His son, Marek, was born in 2007. While Knoblauch was coaching the Wolf Pack, his son was playing youth hockey with the West Hartford Wolves program. Despite leading the top minor league affiliate of an Original Six team, Knoblauch offered his services to help coach the team.

“I mean, it’s absolutely unbelievable,” said Ken Mangini, assistant coach of the West Hartford Wolves bantam team. “There’s really no words. It was so cool.”

Knoblauch would horse around with the players, push pucks with the assistant coaches and move pucks around as different drills were being done. He attended several games with the team but never worked behind the bench, having established early on that he felt his presence might be a distraction during games.

“We didn’t really know what to expect from him, but he showed up quite a few times,” Mangini said. “We started around August, so he probably came once a week. He’d game plan and put practice plans together with us. He was just another coach out there.”

Knoblauch became something more than “just another coach” last November.

Mangini was coaching the team on a Sunday afternoon. Marek Knoblauch had informed the coaches that he wouldn’t be around that weekend for the game.

Mangini was in the locker room doing a postgame discussion with his players — what went right, what didn’t. As he went through his spiel, Jainchill interrupted his speech. Jainchill had gotten a text message from his older brother. It was a link to an ESPN article that offered some breaking NHL news: Kris Knoblauch was now the head coach of the Edmonton Oilers.

“I just shouted out, ‘Holy cow!'” Jainchill recalled.

Mangini was annoyed. “Can it just wait?” he said. “Like, please let me finish, I want to get home.”

“I was like, ‘Yeah, whatever, this is more important,'” Jainchill said with a laugh. “He got mad at that, but it’s fine. Everyone was pretty excited about the news.”

That included Mangini.

“He was just with us, literally just with us, a few days ago, on the ice shooting pucks around,” he said. “We got to learn from not only from the head coach of the Wolf Pack, but now the head coach of the Edmonton Oilers, who’s going to be working with Connor McDavid. It’s just crazy.”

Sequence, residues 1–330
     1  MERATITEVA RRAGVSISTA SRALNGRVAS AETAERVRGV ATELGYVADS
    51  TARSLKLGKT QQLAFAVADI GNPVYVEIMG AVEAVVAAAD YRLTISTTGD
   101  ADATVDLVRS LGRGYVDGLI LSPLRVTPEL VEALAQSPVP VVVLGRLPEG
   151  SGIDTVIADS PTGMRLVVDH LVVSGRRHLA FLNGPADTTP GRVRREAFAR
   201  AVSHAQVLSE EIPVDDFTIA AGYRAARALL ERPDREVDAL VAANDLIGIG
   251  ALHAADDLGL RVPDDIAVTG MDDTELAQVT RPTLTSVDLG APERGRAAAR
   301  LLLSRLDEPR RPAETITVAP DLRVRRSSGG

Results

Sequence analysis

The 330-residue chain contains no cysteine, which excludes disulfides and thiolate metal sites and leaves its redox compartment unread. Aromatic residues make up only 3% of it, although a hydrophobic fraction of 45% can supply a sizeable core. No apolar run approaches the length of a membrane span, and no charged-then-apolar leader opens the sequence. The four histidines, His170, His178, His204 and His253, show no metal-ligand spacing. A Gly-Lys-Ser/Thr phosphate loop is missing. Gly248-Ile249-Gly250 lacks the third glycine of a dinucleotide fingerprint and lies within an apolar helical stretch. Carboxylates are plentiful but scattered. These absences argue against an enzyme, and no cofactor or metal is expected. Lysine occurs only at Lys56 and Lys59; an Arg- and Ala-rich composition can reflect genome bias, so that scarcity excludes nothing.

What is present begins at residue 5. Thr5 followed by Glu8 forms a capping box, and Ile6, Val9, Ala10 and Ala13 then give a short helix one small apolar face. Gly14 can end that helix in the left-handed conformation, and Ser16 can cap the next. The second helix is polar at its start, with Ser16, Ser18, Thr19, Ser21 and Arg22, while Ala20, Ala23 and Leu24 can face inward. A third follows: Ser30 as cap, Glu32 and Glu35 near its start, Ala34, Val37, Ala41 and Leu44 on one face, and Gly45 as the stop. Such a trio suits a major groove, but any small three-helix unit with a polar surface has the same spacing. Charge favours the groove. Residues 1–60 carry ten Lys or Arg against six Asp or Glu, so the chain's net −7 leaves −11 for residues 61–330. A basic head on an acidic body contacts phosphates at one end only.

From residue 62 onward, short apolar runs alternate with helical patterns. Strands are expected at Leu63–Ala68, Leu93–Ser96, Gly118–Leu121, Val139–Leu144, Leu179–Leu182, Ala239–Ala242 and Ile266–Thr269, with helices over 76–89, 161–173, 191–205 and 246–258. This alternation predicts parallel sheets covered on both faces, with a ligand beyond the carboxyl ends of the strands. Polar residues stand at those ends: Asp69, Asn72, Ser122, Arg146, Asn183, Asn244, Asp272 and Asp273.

When Knoblauch was hired by the Oilers, there was a torrent of reactions from executives, former teammates and the players he coached in the minor leagues.

Mangini and Jainchill had their own unique perspective on the new Edmonton coach.

“He knew his stuff for sure,” Jainchill said. “Definitely made us all better hockey players.”

Like when he made a comparison to Jainchill’s offensive game that the young player will never forget. “He told me I had silky mitts like [Rangers center] Mika Zibanejad,” he said. “I thought that was the coolest thing ever.”

Mangini wasn’t surprised to see Knoblauch get his chance in the NHL after seeing how he operated at the youth level.

“I am so happy for him,” he said. “Kris is just really down to earth, really approachable, easy to talk to, everything that you would hope you could have in a coach.”

COMMUNICATION AND RELATIONSHIPS. Those have been the central focus for Knoblauch as a hockey coach, at every level. Perhaps it’s in his teaching background, as he has an education degree from the University of Alberta. Perhaps it’s just a 45-year-old head coach believing there’s a better, more human way to connect with athletes.

“It was a character analytic thing,” Erie Otters GM Dave Brown told USA Today Network last year. “He would say, ‘I would take the guy out for coffee, talk to him for 20 minutes and get to know him a little bit better as a person — what’s going on in his home life and everything else.'”

Knoblauch had a handful of current New York Rangers players on his Hartford teams, and they experienced that one-on-one attention firsthand.

“It seemed like a pain at the time, being in his office every day, watching so many video clips,” forward Will Cuylle said. “But looking back on it, it really made a huge difference and obviously I’m super thankful for that.”

Rangers rookie sensation Matt Rempe would also have one-on-one sessions with Knoblauch.

“I was just always in his office, and he was always asking, ‘Oh, what are you doing today? How’s your family, how’s your mom?’ All that type of stuff,” Rempe said. “Not even so much about hockey. Sometimes he’ll show some clips and stuff, but just I feel like he makes you feel comfortable and at home and I think that’s really important.”